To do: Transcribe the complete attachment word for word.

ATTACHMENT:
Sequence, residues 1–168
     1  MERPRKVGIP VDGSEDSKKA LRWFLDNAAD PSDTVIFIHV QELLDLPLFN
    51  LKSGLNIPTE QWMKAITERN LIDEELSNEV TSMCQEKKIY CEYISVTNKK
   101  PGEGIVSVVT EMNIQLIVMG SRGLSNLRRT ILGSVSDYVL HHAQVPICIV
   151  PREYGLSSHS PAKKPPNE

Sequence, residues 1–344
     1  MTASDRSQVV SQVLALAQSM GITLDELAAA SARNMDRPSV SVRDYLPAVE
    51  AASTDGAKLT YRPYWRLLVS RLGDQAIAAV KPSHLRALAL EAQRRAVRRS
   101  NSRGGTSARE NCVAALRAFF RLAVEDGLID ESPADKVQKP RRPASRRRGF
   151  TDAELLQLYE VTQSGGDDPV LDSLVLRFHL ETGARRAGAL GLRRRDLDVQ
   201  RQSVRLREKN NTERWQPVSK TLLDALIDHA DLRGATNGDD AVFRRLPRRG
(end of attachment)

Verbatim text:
Sequence, residues 1–168
     1  MERPRKVGIP VDGSEDSKKA LRWFLDNAAD PSDTVIFIHV QELLDLPLFN
    51  LKSGLNIPTE QWMKAITERN LIDEELSNEV TSMCQEKKIY CEYISVTNKK
   101  PGEGIVSVVT EMNIQLIVMG SRGLSNLRRT ILGSVSDYVL HHAQVPICIV
   151  PREYGLSSHS PAKKPPNE

Sequence, residues 1–344
     1  MTASDRSQVV SQVLALAQSM GITLDELAAA SARNMDRPSV SVRDYLPAVE
    51  AASTDGAKLT YRPYWRLLVS RLGDQAIAAV KPSHLRALAL EAQRRAVRRS
   101  NSRGGTSARE NCVAALRAFF RLAVEDGLID ESPADKVQKP RRPASRRRGF
   151  TDAELLQLYE VTQSGGDDPV LDSLVLRFHL ETGARRAGAL GLRRRDLDVQ
   201  RQSVRLREKN NTERWQPVSK TLLDALIDHA DLRGATNGDD AVFRRLPRRG